Software glitch in NASA Mars rover

March 18, 2013 at 9:26 PM   |   Comments

PASADENA, Calif., March 18 (UPI) -- NASA says its Mars Curiosity rover that put itself into "safe mode" because of a software issue is expected to resume science investigations in a few days.

The automated fault-protection action was triggered about 11 p.m. Saturday on March 16, while operating on the B-side computer, one of its two main computers that are redundant to each other, NASA's Jet Propulsion Laboratory in Pasadena, Calif., reported Monday.

It did not switch to the A-side computer, which was restored last week after a memory and is available as a backup if needed, NASA said.

JPL engineers said the rover is stable, healthy and in communication with controllers.

The safe-mode entry was initiated when a command file failed a size-check by the rover's protective software. Engineers said a software bug had appended an unrelated file to the file being checked, causing the mismatch.

"This is a very straightforward matter to deal with," JPL Curiosity project manager Richard Cook said. "We can just delete that file, which we don't need any more, and we know how to keep this from occurring in the future."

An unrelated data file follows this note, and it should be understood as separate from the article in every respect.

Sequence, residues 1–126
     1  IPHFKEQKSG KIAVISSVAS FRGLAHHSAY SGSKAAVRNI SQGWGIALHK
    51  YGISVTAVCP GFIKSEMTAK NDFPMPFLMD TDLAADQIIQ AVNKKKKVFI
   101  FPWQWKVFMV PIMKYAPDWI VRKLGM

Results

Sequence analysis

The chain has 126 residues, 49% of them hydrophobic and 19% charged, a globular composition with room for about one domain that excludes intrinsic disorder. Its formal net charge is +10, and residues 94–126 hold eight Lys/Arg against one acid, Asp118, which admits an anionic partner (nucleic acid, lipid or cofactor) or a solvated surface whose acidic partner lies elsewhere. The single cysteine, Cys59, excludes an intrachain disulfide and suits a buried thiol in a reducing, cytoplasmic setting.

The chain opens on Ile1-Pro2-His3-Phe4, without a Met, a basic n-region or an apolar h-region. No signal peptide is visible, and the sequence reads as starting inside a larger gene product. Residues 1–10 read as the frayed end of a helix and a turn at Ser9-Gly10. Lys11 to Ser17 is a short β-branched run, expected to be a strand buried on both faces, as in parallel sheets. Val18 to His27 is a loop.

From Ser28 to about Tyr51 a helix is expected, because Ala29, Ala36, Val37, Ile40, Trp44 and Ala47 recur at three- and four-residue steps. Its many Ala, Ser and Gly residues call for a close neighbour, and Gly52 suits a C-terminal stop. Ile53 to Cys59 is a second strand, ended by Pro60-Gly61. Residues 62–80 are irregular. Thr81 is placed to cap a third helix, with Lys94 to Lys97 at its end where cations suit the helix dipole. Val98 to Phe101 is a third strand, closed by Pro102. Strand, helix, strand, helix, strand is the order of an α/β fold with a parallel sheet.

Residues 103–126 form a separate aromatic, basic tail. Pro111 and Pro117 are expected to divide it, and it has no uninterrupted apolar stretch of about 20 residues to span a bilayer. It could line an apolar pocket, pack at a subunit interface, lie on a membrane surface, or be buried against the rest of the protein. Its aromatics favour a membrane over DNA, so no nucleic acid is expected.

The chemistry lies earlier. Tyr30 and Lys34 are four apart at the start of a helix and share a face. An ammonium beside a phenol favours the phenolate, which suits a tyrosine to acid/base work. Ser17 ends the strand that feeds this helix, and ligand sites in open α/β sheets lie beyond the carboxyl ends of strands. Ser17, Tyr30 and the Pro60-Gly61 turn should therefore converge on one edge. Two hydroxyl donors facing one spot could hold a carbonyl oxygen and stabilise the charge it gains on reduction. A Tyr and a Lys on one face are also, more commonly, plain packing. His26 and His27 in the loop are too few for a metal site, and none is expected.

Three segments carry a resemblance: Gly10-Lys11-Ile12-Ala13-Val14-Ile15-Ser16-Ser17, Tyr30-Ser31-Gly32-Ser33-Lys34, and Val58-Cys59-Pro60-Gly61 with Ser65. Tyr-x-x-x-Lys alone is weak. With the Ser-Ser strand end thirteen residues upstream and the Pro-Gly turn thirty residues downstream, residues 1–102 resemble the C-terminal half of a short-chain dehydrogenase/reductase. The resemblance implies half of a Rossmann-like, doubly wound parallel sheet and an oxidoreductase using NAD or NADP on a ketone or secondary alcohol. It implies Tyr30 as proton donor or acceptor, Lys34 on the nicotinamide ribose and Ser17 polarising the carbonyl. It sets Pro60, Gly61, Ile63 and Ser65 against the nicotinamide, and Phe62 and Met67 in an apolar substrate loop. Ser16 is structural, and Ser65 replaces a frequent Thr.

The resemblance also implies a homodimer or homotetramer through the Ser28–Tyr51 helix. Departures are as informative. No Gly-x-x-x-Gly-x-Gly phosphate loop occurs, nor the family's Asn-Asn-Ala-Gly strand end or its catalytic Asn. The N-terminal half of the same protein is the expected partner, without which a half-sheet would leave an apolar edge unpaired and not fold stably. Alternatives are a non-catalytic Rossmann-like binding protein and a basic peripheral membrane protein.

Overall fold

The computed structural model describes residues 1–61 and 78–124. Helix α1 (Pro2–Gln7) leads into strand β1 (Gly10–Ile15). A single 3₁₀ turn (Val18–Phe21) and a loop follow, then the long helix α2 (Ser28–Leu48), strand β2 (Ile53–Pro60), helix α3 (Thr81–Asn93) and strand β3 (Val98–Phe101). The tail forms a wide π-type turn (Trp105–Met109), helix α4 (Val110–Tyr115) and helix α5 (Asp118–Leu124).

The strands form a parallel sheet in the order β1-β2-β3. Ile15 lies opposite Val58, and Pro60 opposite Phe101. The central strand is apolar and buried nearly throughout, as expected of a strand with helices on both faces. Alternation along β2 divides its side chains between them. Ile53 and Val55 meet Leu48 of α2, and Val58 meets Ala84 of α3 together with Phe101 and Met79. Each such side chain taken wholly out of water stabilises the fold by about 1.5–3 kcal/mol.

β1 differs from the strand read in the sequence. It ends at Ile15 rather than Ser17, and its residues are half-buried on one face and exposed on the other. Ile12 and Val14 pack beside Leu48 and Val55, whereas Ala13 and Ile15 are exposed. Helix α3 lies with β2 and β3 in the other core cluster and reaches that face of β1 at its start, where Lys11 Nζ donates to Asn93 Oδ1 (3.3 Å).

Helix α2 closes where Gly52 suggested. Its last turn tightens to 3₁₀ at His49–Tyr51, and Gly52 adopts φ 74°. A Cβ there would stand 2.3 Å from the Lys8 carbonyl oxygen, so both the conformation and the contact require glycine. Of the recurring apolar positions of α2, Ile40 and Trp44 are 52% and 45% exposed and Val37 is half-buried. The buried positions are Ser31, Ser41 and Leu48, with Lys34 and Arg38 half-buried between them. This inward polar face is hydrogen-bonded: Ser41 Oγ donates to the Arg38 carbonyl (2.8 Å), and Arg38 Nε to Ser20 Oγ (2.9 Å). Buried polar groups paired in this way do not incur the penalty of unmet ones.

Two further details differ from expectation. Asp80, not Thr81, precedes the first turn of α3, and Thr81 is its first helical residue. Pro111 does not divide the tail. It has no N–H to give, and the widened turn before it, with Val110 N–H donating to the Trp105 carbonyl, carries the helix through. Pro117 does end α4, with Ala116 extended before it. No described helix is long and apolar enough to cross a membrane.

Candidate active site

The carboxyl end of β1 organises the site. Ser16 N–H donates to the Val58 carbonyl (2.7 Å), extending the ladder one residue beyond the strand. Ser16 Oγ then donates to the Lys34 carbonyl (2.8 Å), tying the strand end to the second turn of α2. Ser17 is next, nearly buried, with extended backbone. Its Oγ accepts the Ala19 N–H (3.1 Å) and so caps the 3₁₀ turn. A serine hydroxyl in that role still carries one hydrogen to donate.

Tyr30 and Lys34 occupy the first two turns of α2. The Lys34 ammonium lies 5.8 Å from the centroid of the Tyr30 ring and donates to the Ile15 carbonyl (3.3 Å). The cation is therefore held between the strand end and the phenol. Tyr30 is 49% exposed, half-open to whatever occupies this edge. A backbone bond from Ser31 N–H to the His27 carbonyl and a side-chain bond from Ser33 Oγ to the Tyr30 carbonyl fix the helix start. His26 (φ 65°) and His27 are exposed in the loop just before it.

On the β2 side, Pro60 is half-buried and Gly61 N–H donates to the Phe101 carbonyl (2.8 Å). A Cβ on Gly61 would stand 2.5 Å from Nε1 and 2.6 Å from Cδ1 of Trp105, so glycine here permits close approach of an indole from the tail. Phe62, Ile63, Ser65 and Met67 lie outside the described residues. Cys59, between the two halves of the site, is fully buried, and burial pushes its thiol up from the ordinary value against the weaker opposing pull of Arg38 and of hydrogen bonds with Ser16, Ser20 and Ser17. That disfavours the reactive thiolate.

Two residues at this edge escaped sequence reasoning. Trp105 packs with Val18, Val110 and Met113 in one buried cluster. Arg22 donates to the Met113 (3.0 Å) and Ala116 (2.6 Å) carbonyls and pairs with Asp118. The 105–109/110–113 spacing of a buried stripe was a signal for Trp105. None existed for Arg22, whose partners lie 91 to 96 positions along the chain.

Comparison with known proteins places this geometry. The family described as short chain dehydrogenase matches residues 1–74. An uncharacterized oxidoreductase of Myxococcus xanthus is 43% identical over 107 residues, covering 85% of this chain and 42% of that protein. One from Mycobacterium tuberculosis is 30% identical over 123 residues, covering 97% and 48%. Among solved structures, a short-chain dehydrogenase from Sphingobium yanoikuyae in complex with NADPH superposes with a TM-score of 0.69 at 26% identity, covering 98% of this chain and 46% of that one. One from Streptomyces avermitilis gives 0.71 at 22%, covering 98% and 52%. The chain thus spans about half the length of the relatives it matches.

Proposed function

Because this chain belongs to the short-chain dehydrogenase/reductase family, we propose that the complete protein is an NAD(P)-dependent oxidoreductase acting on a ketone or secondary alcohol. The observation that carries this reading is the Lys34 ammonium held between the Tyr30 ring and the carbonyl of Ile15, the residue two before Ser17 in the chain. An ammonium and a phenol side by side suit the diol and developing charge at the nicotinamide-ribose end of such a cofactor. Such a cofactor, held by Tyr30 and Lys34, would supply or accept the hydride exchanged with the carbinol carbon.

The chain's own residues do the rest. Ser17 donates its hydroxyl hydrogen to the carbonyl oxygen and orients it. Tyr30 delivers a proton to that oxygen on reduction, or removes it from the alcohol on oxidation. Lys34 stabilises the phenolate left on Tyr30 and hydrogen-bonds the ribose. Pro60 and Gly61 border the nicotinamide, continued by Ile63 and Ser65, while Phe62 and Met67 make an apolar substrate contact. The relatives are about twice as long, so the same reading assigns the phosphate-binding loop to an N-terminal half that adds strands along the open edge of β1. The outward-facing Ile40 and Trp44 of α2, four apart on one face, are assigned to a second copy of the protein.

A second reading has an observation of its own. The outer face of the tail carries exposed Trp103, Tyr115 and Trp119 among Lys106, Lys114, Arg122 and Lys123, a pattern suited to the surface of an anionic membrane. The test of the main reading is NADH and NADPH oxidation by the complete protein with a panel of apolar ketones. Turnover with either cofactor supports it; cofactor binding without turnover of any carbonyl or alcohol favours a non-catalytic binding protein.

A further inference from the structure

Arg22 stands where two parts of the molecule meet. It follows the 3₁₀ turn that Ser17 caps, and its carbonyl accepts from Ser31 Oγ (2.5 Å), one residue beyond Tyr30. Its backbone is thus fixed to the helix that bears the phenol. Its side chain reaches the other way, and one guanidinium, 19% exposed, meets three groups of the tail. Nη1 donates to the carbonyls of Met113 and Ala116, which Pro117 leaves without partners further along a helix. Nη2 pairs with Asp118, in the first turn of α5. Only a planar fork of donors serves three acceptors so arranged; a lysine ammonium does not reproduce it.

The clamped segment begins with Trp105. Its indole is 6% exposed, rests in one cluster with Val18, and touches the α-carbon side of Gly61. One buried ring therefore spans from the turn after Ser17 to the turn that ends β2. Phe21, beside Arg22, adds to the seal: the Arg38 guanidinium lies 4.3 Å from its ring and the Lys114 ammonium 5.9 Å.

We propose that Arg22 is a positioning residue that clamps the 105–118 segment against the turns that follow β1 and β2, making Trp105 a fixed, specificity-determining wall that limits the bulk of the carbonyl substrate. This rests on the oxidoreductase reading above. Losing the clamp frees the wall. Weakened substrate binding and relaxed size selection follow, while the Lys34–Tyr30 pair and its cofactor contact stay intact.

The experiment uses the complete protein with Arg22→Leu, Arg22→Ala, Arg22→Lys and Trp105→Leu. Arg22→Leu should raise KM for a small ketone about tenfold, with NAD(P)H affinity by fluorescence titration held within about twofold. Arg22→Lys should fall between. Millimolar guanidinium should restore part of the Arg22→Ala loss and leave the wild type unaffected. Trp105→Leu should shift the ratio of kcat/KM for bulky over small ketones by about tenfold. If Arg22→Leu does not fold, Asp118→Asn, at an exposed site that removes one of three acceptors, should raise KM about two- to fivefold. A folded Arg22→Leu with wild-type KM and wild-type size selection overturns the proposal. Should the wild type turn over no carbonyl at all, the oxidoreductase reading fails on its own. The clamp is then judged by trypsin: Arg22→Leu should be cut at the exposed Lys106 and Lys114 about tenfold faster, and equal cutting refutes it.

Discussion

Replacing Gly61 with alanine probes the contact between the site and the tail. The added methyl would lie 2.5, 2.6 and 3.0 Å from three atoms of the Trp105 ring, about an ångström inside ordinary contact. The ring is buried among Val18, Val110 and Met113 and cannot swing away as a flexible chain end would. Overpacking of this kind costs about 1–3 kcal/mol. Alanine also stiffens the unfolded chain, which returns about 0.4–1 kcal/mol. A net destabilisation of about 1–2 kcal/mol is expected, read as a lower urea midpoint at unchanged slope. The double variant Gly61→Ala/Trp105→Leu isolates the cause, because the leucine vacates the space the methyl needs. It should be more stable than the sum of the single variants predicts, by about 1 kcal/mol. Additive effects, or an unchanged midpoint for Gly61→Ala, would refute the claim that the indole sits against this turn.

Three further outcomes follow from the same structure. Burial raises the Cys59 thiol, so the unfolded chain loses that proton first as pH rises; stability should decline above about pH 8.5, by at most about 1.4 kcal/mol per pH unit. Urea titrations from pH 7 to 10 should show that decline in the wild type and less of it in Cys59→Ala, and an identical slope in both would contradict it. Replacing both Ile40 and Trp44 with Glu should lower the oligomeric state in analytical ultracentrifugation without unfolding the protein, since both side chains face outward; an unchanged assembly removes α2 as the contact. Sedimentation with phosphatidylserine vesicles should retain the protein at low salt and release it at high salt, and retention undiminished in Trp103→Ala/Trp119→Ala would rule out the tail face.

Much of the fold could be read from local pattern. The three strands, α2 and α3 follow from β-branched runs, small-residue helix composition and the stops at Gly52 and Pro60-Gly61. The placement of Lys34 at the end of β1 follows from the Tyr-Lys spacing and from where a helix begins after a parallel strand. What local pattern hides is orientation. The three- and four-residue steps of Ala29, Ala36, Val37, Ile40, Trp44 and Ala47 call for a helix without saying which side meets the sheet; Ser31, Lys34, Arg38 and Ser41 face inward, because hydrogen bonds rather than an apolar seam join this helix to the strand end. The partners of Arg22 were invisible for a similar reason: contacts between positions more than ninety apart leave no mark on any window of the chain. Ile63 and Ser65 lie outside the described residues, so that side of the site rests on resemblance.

Curiosity's science observations have been on hold since a memory glitch on the A-side computer Feb. 27, which prompted controllers to command a swap to the B-side computer.

Cautiously bringing Curiosity out of safe mode status on the B-side is expected to take a couple of days, JPL said.

© 2013 United Press International, Inc. All Rights Reserved. Any reproduction, republication, redistribution and/or modification of any UPI content is expressly prohibited without UPI's prior written consent.
Recommended UPI Stories
Featured UPI Collection
2014: The Year in Music [PHOTOS]

2014: The Year in Music [PHOTOS]

Most Popular
Endangered bats find sanctuary in Vermont power plant
Whale spotted in Virginia's Elizabeth River
Navy aviation tests combined unmanned, manned operations
Bill Gates to Mark Zuckerberg: I'll take the ice bucket challenge, and improve it
Latvia boasts world's first net for migrating bats
Trending News